This Parish Summary is very much an overview of the information held for the parish, and only selected examples of sites and finds in each period are given. It has been beyond the scope of the project to carry out detailed research into the historical background, documents, maps or other sources, but we hope that the Parish Summaries will encourage users to refer to the detailed records, and to consult the bibliographical sources referred to below. Feedback and any corrections are welcomed by email to email@example.com
The tiny parish of West Beckham is situated in northeast Norfolk some three miles south of Sheringham and west of the equally small East Beckham. Beckham comes from the Old English for ‘Beocca’s homestead’. The parish has a long history, and was certainly well established by the time of the Norman Conquest, its population, land ownership and productive resources being detailed in the Domesday Book of 1086.
The earliest evidence of human activity comes in the form of prehistoric worked flints, possibly Palaeolithic and Mesolithic flint blades, Neolithic to Bronze Age scrapers and knives and two probably Neolithic spearheads (NHER 42832), which were found by chance south of West Beckham village in 2005. The only other prehistoric flint find is a polished axehead (NHER 6552) found in 1950 which may be Neolithic or Bronze Age.
The Bronze Age may have left traces of the earliest structures. Analysis of aerial photographs has tentatively identified several ring ditches (NHER 32242, 32244, 36441 and 36442). These could be the ploughed-out remains of Bronze Age round barrows; nothing can be seen from the ground but their surrounding ditches show as circular cropmarks from the air. The only Iron Age find to date is a coin (NHER 50184).
Aerial photography has also identified what may be the remains of the only Roman structure, a possible barrow (NHER 36428) to the east of the parish, though this could equally well be Iron Age in date. Metal detecting in recent years has recovered twenty Roman coins (NHER 50184). There is currently no evidence of Saxon activity.
To the southeast are the remains of the oldest medieval building, All Saints’ Church (NHER 6570), which was in ruins by 1602. The west tower fell in 1783 and the whole building was demolished in 1890, when much of its masonry was incorporated into the new church of St Helen's and All Saints' (NHER 6571, see below). Only the outline of the nave, chancel and south porch can be made out. The surrounding churchyard remains in use and has a number of fine 18th century headstones. Possibly medieval field boundaries (NHER 27979) east of Lower Farm have been identified from aerial photographs. Finds from the period include pottery fragments (NHER 42832), coins (NHER 50184) and two harness pendants (NHER 50183 and 50184).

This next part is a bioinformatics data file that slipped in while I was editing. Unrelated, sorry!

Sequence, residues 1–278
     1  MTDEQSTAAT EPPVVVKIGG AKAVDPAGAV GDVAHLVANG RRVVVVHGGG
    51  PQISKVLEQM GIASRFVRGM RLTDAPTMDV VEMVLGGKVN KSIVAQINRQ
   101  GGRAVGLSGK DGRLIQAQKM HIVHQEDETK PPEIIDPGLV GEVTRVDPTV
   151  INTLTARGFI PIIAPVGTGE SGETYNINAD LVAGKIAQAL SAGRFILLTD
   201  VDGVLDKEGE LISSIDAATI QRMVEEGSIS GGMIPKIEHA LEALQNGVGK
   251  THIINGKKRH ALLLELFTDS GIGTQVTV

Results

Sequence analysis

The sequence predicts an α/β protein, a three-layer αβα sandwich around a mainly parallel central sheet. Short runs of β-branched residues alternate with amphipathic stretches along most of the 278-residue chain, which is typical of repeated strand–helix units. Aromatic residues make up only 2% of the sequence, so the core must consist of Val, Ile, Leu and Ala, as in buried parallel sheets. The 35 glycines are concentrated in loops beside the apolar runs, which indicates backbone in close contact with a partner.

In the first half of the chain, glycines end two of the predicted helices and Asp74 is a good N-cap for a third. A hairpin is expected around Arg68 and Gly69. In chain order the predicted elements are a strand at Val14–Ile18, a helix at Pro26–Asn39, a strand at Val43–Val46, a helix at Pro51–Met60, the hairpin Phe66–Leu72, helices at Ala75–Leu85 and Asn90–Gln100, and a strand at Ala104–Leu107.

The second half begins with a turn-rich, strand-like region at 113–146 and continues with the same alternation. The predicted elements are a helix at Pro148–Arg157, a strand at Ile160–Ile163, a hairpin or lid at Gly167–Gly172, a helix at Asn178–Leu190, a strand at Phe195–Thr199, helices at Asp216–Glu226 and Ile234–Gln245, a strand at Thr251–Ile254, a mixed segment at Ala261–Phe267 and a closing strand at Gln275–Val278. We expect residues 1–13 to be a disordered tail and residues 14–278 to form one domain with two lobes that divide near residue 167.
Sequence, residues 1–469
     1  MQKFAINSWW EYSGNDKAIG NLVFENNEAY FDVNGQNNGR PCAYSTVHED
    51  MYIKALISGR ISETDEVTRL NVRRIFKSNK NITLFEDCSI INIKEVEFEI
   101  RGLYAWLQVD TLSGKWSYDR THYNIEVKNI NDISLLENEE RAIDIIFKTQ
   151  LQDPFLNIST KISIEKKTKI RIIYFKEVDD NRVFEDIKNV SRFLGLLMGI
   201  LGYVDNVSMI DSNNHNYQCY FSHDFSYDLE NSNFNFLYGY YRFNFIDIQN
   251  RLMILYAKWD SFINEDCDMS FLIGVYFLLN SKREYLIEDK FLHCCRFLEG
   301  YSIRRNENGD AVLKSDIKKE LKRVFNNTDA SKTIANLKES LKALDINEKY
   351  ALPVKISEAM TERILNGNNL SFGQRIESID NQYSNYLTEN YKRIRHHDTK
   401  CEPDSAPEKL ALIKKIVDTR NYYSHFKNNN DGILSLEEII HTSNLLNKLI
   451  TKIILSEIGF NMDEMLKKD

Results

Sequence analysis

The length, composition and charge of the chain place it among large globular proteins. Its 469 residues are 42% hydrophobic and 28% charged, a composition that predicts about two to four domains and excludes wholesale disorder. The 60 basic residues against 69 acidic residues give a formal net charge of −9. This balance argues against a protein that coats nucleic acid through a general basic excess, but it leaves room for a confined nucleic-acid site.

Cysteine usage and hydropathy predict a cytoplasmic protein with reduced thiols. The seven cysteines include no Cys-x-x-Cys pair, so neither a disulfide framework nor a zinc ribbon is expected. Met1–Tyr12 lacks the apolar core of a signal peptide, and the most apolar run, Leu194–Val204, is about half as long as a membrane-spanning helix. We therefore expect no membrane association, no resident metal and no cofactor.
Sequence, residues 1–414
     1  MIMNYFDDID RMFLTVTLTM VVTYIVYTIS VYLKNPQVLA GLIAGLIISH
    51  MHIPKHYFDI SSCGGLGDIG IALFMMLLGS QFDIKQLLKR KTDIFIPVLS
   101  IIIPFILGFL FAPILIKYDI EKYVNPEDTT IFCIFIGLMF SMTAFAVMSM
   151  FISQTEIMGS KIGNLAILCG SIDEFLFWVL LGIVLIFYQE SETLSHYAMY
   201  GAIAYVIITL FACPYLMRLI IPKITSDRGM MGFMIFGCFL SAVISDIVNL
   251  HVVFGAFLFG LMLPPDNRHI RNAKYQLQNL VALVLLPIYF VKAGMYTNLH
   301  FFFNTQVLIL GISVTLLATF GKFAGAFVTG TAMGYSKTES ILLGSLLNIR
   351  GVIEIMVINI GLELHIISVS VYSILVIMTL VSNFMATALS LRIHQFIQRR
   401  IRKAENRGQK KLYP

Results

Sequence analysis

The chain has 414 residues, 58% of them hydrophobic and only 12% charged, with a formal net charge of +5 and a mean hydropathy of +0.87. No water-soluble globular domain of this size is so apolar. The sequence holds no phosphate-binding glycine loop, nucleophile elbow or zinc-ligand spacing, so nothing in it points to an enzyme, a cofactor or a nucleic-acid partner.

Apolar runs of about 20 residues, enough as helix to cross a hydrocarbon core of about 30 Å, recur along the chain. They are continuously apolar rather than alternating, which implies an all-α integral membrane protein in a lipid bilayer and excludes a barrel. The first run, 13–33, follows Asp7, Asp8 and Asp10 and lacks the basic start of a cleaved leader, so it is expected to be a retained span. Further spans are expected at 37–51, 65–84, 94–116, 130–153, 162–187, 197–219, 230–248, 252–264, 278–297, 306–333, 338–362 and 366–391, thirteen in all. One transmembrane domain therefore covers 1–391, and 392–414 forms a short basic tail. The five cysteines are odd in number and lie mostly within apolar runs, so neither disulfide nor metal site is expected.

Of the surviving post medieval buildings, probably the oldest is Chestnut Farmhouse (NHER 19348) on The Street. This is a long two storey flint and brick house dating to the late 16th or early 17th century, with later alterations, as shown by blocked windows. The roof has been replaced and the interior changed.
Also on The Street is Manor Farm, now The Wheatsheaf Public House (NHER 19011), a two storey brick and flint former farmhouse, now a pub, L-shaped in plan with shaped gables. It has the appearance of being mid to late 17th century, much altered, although it could equally be a recent copy of the style, perhaps on an earlier core. A 17th century child's shoe, possibly to ward off evil spirits, was found in a fireplace during conversion works in 1982.
Again on The Street is Malthouse Farmhouse (NHER 47361), A probably early 18th century two storey flint and brick farmhouse with a pantile roof and later alterations. The flint façade has a central 20th century flint porch flanked by 19th century windows.
St Helen’s and All Saints’ Church (NHER 6571) on Church Road was built in 1890 with stone from the ruins of both East and West Beckham churches (NHER 6631 and 6570). It consists of a nave, chancel and bellcote. Below the bellcote in the west wall is a big wheel window. The church was built on the site of a Tithe barn, marked on a map of 1836.
Another post medieval building survives only in fragmentary form. In an isolated position to the southeast is the site of a hospital and former workhouse (NHER 6572) built in 1851 and restored after a fire in 1888 to hold 539 inmates. A chapel was added in 1868 but by 1890 there were only seventy eight inmates. The buildings were demolished at some time after 1980, and the separate north wing alone remains. The chapel’s pews are now in Bodham Church (NHER 6573).
On Bodham Hill is the site of a World War Two radar station (NHER 25012). The control bunker and a number of pillboxes and defensive positions remain today. A Cold War Royal Observer Corps underground post for monitoring fallout in the event of a nuclear attack was in use from 1960 until it closed in 1991. It remains in good condition but is locked. An aircraft observation post stands nearby.
P. Aldridge (NLA), 31 August 2007.
Rye, J., 1991. A Popular Guide to Norfolk Place Names (Dereham, The Larks Press)
Brown. P., 1984. Domesday Book; Norrfolk (Chichester, Phillimore & Co)
Pevsner, N & Wilson, B., 1997. The buildings of England. Norfolk 1: Norwich and the North-East (London, Penguin Books)